And they begin constructing stories about me based on that singular fact. And yes, it’s an important fact, and the story has certainly helped to shape my identity. But my disability does not define me. There are many other things that form my full identity and that make me all that I am.
Today, I’m going to follow the approach of Ira Glass on This American Life, and I’m going to tell you a story in three acts. Act one: So, what happened to my leg? Act two: What is my identity? Act three: how does this relate to the broader questions of identity and privilege?
Act One – Why I have one leg
Let’s jump back to my ninth grade year. I was 15 years old. I’d had an easy uneventful childhood and early adolescence. I’d lived in the same house my whole life, and had a calm family life, with dinner on the table every night at 5:30 pm. My older siblings and my parents were always around if I needed them, but I’d been raised to be very independent. I was pretty athletic. I was happy socially, with plenty of friends. I was one of the top students in school. Overall, a pretty together, yet pretty typical kid.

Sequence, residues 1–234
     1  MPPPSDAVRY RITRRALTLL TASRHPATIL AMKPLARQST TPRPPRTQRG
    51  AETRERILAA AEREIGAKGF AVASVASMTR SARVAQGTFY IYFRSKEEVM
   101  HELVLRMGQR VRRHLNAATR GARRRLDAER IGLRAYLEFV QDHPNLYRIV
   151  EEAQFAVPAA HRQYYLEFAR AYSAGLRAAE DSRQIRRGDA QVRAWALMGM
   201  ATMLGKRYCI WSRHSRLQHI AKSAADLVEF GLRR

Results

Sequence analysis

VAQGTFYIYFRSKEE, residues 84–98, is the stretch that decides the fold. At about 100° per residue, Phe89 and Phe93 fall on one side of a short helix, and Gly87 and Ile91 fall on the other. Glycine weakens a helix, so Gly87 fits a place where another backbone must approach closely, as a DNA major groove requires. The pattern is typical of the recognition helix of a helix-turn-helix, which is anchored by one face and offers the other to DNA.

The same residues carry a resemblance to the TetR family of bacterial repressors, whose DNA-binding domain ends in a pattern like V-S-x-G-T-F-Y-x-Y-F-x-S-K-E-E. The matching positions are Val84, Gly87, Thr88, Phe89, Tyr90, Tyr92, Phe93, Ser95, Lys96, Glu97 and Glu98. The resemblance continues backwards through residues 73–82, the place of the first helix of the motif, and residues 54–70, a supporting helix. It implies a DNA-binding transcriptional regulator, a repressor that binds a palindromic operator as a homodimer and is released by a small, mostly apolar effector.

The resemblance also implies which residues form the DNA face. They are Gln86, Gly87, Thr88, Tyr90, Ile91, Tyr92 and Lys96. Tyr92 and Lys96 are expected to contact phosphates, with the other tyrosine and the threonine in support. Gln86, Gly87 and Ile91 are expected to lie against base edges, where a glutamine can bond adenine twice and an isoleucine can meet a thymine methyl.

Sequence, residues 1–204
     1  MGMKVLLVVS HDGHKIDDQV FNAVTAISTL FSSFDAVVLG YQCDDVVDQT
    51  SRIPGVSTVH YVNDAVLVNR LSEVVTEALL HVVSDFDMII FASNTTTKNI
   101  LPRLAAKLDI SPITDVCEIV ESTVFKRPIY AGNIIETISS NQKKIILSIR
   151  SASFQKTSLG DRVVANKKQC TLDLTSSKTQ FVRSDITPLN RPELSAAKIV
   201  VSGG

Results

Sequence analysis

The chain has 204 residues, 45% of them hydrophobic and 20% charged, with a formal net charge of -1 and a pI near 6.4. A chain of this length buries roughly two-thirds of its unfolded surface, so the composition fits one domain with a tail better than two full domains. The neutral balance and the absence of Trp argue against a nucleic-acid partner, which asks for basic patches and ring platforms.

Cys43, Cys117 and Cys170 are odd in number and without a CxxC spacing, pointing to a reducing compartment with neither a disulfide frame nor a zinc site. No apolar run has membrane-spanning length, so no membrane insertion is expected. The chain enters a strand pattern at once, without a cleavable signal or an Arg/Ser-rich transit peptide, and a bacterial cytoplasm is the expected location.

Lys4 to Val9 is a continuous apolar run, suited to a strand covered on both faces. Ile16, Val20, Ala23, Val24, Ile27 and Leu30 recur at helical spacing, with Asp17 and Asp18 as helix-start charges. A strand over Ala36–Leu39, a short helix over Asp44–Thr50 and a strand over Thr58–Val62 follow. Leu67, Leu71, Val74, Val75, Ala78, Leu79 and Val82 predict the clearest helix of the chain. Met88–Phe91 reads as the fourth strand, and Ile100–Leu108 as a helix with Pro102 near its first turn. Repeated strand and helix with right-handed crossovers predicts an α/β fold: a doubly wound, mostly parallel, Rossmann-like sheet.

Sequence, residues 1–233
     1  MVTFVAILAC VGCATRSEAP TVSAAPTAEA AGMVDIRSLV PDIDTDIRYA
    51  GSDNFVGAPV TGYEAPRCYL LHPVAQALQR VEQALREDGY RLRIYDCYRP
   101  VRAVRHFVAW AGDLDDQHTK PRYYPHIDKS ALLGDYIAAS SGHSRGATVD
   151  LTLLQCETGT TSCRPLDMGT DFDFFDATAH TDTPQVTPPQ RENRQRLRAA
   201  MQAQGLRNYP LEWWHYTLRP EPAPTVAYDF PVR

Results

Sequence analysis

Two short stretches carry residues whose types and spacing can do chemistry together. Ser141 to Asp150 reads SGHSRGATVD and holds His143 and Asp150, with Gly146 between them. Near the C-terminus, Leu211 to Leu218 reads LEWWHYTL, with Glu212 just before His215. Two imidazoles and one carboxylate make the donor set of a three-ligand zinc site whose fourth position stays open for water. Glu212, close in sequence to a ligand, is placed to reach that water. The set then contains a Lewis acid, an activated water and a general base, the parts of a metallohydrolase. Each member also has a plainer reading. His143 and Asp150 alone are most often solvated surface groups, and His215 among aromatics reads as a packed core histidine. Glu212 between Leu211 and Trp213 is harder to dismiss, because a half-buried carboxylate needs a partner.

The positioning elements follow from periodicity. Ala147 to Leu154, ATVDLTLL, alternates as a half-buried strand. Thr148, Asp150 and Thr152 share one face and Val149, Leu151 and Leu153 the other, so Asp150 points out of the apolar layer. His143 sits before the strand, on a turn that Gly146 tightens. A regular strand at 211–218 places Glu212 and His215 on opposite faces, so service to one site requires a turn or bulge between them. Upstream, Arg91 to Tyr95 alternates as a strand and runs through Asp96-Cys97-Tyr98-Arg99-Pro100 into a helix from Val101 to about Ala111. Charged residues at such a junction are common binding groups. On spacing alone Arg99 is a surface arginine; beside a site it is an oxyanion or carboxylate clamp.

Then… on New Year’s Eve, I found a lump on my right leg, just above the knee. I started freaking out, convinced it was cancer. In a panic, I went to my brother. He took a quick look, and declared with all the confidence of a 17 year old sage, “Eh, it’s just a swollen muscle. Wrap it with an Ace bandage and it’ll get better.”
So, that’s exactly what I did, for the next month.
Didn’t mention anything to my parents or anyone else, because it was just a swelled muscle… no biggie.
On a Sunday at the end of January, I went ice skating with my church youth group. By Monday night, I couldn’t walk without limping. When I showed my mom the lump, she scheduled a doctor appointment for Tuesday morning. I went to my doctor, who took one look, sent me for x-rays and sent me to meet with an orthopedist that afternoon. That doctor took one look at the x-ray, and told us he was sending us to Denver Children’s Hospital that night. The next two days were a whirlwind of tests, and a biopsy, and a diagnosis. Osteogenic sarcoma. Bone cancer. The lump I could see that was the size of my fist was half of a tumor which went more than halfway through my femur.